• Sleep seems to organize memories, as well as help you to recover memories. After you learn something new, sleep may solidify the learning in your brain;
• Parts of the brain that control emotions, decision-making, and social interactions slow down dramatically during sleep, allowing optimal performance when awake. REM sleep seems especially important for a good mood during the day. Tired people are often cranky and easily frustrated;
• Lacking adequate sleep makes the immune system become weak, and the body becomes more vulnerable to infection and disease;
• Some sleep experts suggest that neurons used during the day repair themselves during sleep. When we experience sleep deprivation, neurons are unable to perform effectively, and the nervous system is impaired;
• Growth hormones are released during sleep, and sleep is vital to proper physical and mental development;
• Depression is two times more common for college students, than in the general population, affecting nearly 20% of students. Researchers believe that lack of sleep contributes to this high rate. Additionally, inadequate amounts of sleep cause increased susceptibility to illnesses such as colds and flu;
• Many college students make the mistake of staying up late or pulling all-nighters to prepare for an exam or to complete an assignment. In reality, not getting enough sleep makes it more difficult for them to process, analyze, and retain information, and manage stress;
• Keep regular hours. Try to go to bed at the same time and get up at the same time every day. Getting up at the same time is most important. Getting bright light, like the sun, when you get up will also help;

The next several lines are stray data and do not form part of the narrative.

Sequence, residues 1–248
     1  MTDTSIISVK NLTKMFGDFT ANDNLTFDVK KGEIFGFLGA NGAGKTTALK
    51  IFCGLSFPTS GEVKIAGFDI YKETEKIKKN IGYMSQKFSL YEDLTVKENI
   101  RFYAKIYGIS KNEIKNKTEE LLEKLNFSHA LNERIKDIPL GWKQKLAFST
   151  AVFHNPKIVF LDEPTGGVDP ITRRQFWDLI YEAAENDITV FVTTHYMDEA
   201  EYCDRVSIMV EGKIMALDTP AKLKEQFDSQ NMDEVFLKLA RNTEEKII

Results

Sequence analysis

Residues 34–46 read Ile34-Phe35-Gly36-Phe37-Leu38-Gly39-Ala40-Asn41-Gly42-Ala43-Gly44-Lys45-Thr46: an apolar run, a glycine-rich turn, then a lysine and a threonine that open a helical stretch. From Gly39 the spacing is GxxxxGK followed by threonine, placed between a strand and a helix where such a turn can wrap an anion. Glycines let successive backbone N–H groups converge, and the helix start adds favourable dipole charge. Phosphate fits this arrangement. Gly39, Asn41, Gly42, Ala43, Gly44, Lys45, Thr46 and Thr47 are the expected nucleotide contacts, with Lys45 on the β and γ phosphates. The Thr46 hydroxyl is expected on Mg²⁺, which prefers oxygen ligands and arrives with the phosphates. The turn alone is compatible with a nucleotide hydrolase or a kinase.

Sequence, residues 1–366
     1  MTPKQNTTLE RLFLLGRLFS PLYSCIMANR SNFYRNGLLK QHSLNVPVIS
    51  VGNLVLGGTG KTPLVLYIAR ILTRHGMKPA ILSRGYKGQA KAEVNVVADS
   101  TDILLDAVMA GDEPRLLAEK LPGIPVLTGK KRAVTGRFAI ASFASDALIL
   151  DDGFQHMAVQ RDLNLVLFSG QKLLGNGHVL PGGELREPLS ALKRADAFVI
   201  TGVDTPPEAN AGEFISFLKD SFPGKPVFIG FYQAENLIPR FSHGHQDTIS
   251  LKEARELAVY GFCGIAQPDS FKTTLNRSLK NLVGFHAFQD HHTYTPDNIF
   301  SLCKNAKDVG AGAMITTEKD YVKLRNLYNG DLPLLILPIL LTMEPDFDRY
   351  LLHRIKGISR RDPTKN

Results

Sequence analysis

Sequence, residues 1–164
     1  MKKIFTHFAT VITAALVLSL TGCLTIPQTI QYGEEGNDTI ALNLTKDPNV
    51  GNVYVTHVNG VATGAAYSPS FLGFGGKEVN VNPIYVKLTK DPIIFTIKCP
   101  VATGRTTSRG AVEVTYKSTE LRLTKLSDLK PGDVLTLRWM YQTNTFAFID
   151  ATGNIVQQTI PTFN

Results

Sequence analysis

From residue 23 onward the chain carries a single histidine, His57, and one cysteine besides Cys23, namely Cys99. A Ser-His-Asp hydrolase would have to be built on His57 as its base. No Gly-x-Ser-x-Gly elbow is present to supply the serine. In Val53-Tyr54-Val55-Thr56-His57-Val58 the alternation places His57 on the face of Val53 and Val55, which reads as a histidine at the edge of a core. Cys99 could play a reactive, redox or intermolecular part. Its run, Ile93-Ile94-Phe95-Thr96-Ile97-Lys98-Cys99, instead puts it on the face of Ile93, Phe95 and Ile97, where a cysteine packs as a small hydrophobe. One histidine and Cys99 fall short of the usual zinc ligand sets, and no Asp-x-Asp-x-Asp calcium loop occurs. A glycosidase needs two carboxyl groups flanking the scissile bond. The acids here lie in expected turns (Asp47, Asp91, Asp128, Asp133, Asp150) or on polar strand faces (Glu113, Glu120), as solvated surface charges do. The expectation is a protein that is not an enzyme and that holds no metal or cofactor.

• Taking a nap during the day is not recommended because it reduces the amount of time a person sleeps at night. If necessary, take your nap early in the day and for no more than 20-30 minutes;
• Keep your bedroom at comfortable temperature. Not too warm and not too cold. Cooler is better than warmer;
• Do not exercise at least 3 hours before bed;
• Avoid bright light around the house before bed. Using dimmer switches in living rooms and bathrooms before bed can be helpful;
• Bedtime routines are helpful for good sleep. A cup of herbal tea an hour before bed can begin a routine. Sleeping pills and other sleep aids actually reduce sleep quality;
• Avoid looking at the clock if you wake up in the middle of the night. It can cause anxiety. This is very difficult for most of us, so turn the clock away from your eyes so you would have to turn it to see the time. You may decide not to make the effort and go right back to sleep;
• If you can’t get to sleep for over 30 minutes, get out of bed and do something boring in dim light till you are sleepy;
• Avoid sugary foods like chocolate, which make falling asleep more difficult. If you are hungry close to bedtime, eat a light carbohydrate or dairy snack instead. In small quantities, eating something light can sometimes help you fall asleep. Have you heard the notion that a bottle of milk puts a baby to sleep? The same can work for adults;
• Watching TV or using laptop computers late at night is not recommended. Reading in bed can be a problem if the material is overly stimulating and you read with a bright light. If it helps to read before sleep, try soothing material and make sure you use a very small wattage bulb to read. A 15 watt bulb should be enough;
• Don’t stress if you feel you are not getting enough sleep. Know you will sleep eventually.
(Resource: National Sleep Foundation)